Some in the media thought this meant Zawahri was giving Al-Nusra Front the green light to cut ties with Al-Qaeda. But, in fact, Zawahri was laying out a trade: The dissolution of Al-Nusra Front’s Al-Qaeda affiliation is conditional on the erection of an Islamic government that meets Al-Qaeda’s purist standards.

This was no real concession, but rather an endorsement of Al-Nusra Front’s existing stipulations for breaking its Al-Qaeda link. In fact, Zawahri’s arguments were entirely in line with those of Al-Nusra Front and its chief, Abu Muhammad al-Jolani, who made the same point in an interview with Al-Jazeera in June 2015:

“We’ve said to all the [rebel] factions: When we really come together and create an Islamic government -- and these are not my words, these are the words of Dr. Ayman [al-Zawahri] himself -- he said that when Syria has a righteous Islamic government approved by the consensus of its factions, when it is governed by consultation, when the law of Greatest God is the authority, then we will be the first soldiers of this righteous government.”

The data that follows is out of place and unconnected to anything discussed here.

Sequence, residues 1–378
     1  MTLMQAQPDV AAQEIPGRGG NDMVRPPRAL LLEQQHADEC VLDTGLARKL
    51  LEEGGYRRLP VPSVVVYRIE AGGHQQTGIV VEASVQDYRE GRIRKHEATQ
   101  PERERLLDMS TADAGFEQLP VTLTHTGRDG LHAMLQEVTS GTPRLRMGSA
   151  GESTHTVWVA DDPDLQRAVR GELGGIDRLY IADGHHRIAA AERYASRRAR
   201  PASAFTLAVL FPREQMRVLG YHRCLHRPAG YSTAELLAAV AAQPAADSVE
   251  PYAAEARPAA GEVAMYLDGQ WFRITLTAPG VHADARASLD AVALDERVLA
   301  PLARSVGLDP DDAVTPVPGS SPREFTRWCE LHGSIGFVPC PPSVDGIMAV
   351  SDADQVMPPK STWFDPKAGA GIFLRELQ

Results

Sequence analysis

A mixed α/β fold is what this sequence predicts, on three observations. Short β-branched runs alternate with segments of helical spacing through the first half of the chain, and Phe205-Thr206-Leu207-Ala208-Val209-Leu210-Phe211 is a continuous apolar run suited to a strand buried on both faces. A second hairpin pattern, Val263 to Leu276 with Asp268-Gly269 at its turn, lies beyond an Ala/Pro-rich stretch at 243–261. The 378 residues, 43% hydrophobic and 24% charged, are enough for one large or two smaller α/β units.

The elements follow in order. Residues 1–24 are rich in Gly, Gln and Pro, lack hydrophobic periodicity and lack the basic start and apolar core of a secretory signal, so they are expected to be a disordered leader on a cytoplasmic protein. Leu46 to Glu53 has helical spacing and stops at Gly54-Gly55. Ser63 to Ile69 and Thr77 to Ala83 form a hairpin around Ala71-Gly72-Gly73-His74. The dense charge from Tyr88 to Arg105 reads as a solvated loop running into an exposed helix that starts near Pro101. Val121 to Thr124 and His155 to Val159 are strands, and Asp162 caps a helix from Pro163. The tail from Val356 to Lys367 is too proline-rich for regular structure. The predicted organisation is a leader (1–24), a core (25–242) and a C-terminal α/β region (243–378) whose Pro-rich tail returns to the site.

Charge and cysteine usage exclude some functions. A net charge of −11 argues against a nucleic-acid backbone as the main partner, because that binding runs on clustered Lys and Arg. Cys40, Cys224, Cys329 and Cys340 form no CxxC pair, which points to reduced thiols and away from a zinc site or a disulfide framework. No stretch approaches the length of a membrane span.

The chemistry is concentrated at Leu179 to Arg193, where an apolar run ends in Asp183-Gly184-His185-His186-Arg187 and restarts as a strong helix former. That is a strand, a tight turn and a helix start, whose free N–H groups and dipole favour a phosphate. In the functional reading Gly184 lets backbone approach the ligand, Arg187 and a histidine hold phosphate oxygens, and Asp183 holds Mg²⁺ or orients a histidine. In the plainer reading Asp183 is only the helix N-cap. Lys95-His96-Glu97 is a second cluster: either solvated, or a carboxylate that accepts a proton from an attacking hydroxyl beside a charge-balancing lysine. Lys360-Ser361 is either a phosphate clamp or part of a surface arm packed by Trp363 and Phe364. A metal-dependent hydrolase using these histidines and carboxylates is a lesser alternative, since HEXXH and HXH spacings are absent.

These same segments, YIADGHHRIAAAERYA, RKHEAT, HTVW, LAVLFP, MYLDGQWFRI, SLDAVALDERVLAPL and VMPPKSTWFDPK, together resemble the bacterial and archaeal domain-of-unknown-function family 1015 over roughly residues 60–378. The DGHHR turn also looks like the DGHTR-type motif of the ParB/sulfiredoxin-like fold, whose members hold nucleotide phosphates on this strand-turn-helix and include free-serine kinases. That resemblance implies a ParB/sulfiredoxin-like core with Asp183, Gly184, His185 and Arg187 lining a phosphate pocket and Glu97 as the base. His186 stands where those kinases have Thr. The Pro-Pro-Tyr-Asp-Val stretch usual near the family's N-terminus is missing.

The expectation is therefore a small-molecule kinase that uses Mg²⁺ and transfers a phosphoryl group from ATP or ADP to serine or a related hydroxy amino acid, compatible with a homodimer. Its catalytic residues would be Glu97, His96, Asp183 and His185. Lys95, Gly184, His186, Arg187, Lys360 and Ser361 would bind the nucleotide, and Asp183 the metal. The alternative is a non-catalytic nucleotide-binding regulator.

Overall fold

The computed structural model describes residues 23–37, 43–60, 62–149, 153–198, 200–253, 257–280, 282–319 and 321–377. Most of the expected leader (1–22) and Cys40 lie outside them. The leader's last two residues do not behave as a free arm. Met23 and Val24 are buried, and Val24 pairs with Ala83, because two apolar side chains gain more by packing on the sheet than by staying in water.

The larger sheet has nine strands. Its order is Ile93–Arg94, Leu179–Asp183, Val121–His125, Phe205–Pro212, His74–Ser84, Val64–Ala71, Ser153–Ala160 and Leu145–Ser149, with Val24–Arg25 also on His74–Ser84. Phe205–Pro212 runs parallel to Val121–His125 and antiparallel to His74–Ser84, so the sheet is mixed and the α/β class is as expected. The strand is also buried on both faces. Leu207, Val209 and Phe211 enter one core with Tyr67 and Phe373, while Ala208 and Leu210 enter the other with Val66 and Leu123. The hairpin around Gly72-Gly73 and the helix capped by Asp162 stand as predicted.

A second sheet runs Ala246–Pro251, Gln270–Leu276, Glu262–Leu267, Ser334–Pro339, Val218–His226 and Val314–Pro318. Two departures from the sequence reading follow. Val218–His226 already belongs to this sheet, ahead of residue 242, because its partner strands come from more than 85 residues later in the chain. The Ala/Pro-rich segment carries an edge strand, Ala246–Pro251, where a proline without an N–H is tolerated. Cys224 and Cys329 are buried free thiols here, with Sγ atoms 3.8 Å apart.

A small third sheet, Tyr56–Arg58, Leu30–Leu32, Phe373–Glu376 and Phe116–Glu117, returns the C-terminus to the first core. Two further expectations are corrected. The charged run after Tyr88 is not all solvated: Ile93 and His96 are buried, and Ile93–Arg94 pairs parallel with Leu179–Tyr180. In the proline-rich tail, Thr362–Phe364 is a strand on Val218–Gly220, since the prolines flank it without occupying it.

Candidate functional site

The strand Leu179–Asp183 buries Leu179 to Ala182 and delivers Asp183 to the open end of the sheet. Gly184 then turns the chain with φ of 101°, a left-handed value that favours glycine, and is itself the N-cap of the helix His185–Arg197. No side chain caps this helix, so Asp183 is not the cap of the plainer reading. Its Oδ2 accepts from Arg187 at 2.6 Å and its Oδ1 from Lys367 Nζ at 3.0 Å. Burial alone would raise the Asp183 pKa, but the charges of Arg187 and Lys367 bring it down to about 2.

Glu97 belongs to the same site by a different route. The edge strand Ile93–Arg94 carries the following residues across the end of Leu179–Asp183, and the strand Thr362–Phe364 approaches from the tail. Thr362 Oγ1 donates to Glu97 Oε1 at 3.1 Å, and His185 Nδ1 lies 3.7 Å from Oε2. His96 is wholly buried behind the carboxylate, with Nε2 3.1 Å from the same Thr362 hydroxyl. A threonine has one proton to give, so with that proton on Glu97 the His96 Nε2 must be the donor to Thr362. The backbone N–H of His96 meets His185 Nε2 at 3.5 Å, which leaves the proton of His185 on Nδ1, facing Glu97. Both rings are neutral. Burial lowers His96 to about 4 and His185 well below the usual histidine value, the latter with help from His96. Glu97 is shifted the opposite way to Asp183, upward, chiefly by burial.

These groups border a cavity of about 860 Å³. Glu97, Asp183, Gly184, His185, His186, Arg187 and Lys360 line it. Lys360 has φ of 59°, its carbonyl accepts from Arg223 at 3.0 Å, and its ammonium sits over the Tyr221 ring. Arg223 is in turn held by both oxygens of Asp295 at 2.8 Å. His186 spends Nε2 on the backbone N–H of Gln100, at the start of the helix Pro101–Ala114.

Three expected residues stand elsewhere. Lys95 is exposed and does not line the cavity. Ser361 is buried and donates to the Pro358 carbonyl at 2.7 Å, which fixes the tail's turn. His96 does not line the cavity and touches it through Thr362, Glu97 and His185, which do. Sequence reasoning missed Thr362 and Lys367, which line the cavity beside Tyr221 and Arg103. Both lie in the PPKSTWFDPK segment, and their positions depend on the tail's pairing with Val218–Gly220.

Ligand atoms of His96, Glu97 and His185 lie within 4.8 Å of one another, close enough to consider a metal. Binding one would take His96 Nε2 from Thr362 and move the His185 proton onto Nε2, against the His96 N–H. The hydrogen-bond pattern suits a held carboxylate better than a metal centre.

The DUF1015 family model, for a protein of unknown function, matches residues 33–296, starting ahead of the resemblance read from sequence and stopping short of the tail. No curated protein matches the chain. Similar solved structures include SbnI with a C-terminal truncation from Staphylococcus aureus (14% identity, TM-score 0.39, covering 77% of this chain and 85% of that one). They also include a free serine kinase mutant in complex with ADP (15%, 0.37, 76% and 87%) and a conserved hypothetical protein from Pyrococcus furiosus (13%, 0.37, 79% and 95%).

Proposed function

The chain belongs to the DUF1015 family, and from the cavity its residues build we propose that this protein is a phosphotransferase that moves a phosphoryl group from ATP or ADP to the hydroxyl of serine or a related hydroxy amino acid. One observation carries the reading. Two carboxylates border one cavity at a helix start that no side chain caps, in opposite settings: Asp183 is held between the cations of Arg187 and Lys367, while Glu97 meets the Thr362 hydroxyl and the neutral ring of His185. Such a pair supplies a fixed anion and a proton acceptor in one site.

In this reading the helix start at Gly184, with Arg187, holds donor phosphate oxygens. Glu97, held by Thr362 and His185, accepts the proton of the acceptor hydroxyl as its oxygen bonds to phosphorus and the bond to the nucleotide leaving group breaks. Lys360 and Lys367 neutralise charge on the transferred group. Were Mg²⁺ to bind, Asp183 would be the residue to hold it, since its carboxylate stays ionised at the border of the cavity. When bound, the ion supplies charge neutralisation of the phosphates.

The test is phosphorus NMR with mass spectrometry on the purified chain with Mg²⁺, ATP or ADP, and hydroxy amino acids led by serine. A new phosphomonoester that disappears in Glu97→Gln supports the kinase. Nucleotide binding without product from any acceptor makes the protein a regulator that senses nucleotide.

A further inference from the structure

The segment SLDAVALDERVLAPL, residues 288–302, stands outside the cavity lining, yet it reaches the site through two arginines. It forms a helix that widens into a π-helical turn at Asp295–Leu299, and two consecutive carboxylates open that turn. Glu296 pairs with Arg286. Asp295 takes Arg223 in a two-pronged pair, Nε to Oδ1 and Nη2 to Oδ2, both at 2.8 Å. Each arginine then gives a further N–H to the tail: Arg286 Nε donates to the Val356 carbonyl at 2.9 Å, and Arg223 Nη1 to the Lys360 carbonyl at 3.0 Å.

Short of this condition, Al-Nusra Front has refused to break with Al-Qaeda. That is what apparently scuttled rebel merger talks in January, when Ahrar al-Sham’s insistence on breaking the Al-Qaeda ties and Nusra’s refusal brought negotiations to an impasse.

With that in mind, Zawahri’s discussion of an Islamic government seemed mostly theoretical. He was speaking broadly about the mujahedin’s ultimate aim in Syria, not issuing an urgent call for the creation of an Islamic emirate.